Warning: NO golf content

We hear this word bunted back and forth when certain subjects are broached.  So, my word of the day for February 22nd, 2018 is Algorithm.  A quick google search renders:

a process or set of rules to be followed in calculations or other problem-solving operations, especially by a computer.
“a basic algorithm for division”

For me, the first time I heard this word outside of a math class was when Pandora became all the rage for streaming music.  Their very special Algorithm (proprietary no doubt) was used to select the songs you liked to hear.  I’m no writer of computer code but I can only imagine it worked something like this…   last ten artists you searched and any artists in the same genre, last 50 tracks you played and hit “like” in a heavier rotation, and a little randomness mostly dominated by the artists who they pay the least per track to send into your stream.  This was more or less confirmed by a good friend who was working for a similar company and simply called the algorithm “marketing bollocks.”

So, how does this relate to Real Estate?

Many of us migrate to the website that most suits our taste to look at properties when we’re thinking of buying or selling a house.  Many of these websites, mine included (quick plug: My website ) uses an estimated market value on their website.  Once again, these values are defined by an algorithm.  Something along the lines of recent sales in the neighborhood and town or even the larger comparative markets, as well as property tax records, and basic information about the house such as square footage, the size of the lot, and the year it was constructed.

A member of our local community asked me recently how accurate that number really seems to be?  The answer was tricky….    it depends.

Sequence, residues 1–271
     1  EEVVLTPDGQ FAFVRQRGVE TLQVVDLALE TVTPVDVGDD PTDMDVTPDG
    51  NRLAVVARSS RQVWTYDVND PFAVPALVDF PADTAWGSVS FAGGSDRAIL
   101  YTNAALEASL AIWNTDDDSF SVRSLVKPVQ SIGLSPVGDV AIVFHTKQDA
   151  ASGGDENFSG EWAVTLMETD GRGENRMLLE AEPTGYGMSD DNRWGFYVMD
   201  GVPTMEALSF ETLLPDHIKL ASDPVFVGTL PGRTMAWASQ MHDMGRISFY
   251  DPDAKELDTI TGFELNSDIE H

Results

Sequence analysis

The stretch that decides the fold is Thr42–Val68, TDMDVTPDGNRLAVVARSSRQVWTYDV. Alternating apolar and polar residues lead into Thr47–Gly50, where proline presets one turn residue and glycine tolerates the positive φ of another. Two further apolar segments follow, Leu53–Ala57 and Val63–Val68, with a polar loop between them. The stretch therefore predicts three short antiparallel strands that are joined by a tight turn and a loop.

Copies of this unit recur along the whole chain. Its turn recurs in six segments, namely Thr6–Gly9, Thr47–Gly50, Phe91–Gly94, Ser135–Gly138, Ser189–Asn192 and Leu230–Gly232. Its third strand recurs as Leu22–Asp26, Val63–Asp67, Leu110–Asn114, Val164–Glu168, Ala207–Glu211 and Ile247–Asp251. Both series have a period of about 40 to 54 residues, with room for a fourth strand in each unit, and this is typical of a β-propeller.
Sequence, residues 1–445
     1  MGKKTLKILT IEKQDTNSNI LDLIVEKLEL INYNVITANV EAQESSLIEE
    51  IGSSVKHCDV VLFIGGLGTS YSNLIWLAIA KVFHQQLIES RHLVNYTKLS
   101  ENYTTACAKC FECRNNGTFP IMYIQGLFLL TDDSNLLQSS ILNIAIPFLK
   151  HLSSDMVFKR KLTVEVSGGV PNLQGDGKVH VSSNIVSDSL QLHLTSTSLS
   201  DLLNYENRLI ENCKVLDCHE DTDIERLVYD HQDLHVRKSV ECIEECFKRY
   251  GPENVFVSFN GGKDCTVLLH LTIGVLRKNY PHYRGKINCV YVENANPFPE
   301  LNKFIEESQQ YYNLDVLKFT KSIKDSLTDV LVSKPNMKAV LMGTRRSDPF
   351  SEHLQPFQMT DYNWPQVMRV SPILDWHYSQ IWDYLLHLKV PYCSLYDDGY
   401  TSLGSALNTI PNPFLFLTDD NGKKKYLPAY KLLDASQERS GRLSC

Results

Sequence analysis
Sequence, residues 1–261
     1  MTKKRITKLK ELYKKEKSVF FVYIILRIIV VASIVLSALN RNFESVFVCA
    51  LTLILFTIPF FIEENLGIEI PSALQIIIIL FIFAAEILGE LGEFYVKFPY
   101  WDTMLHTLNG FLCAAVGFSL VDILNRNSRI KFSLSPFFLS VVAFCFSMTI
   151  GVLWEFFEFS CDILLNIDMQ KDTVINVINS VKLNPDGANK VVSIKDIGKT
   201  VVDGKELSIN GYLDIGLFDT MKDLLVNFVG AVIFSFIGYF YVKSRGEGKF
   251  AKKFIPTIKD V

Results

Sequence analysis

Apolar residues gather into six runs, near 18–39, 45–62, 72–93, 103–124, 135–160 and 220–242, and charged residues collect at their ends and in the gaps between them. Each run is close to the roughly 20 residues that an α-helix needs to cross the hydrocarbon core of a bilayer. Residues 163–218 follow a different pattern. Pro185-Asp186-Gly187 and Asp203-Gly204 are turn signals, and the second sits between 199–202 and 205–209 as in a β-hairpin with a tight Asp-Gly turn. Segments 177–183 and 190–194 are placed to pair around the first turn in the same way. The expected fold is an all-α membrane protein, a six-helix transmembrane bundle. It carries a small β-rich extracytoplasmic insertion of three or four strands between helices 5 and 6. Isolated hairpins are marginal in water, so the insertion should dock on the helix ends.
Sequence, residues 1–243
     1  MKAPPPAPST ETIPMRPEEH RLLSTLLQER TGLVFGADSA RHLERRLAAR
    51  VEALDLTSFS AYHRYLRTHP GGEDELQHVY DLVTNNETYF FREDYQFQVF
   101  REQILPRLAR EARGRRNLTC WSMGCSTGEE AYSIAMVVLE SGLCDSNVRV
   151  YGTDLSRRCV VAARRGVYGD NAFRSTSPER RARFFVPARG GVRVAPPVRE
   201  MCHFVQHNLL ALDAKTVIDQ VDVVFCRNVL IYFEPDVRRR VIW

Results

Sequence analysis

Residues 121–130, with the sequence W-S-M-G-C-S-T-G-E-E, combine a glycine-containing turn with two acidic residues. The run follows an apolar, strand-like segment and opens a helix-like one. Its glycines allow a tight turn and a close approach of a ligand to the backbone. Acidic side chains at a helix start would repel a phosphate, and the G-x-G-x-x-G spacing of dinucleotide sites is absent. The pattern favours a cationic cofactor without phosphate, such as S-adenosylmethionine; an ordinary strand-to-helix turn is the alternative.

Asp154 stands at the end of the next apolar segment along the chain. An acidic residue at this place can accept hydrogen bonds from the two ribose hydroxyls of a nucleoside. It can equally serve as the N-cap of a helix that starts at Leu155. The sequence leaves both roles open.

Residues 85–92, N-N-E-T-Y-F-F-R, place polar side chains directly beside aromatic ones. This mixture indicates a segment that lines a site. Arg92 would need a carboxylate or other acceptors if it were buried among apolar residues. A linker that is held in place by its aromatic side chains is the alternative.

So, should you trust it?  I would probably use it as a reasonable ball park and if it were an object of my desire under $100 in price just write the check, hit the buy button, get that think shipped out ASAP.  But, when it comes to several hundred thousands of dollars, or even ninety thousand dollars, not so much.  Let’s remember that no one has seen the inside of the prospective property and it has not been inspected by a licensed contractor.  As I often explain in Buyer’s Interviews, there’s a big difference in market value of a house that’s a 1 vs. a 10.  That could mean bathroom upgrades, crown molding, new floors, or state of the art appliances, not to mention potential defects.

Why are you buying the house?  Is it an investment?  Are you moving your family into the home?  Do you hope it appreciates at least as fast as the average?

Competent professionals in this industry ask these questions.  They also represent you exclusively unless it’s an extraordinary situation.  Be smart, don’t just hit on any Listing Agent and have him/her write you an offer.  They’re inherently a bit biased towards the Seller.  Can they overcome that?  Perhaps.  But, you’re paying the commission either way.  Why not know that you have a gal or guy in your corner?


I indulged myself and re-read these old blog posts.  Funny how time flies, and also funny how ideas, notions, and blog posts, seem clearer and more well-written when you write them.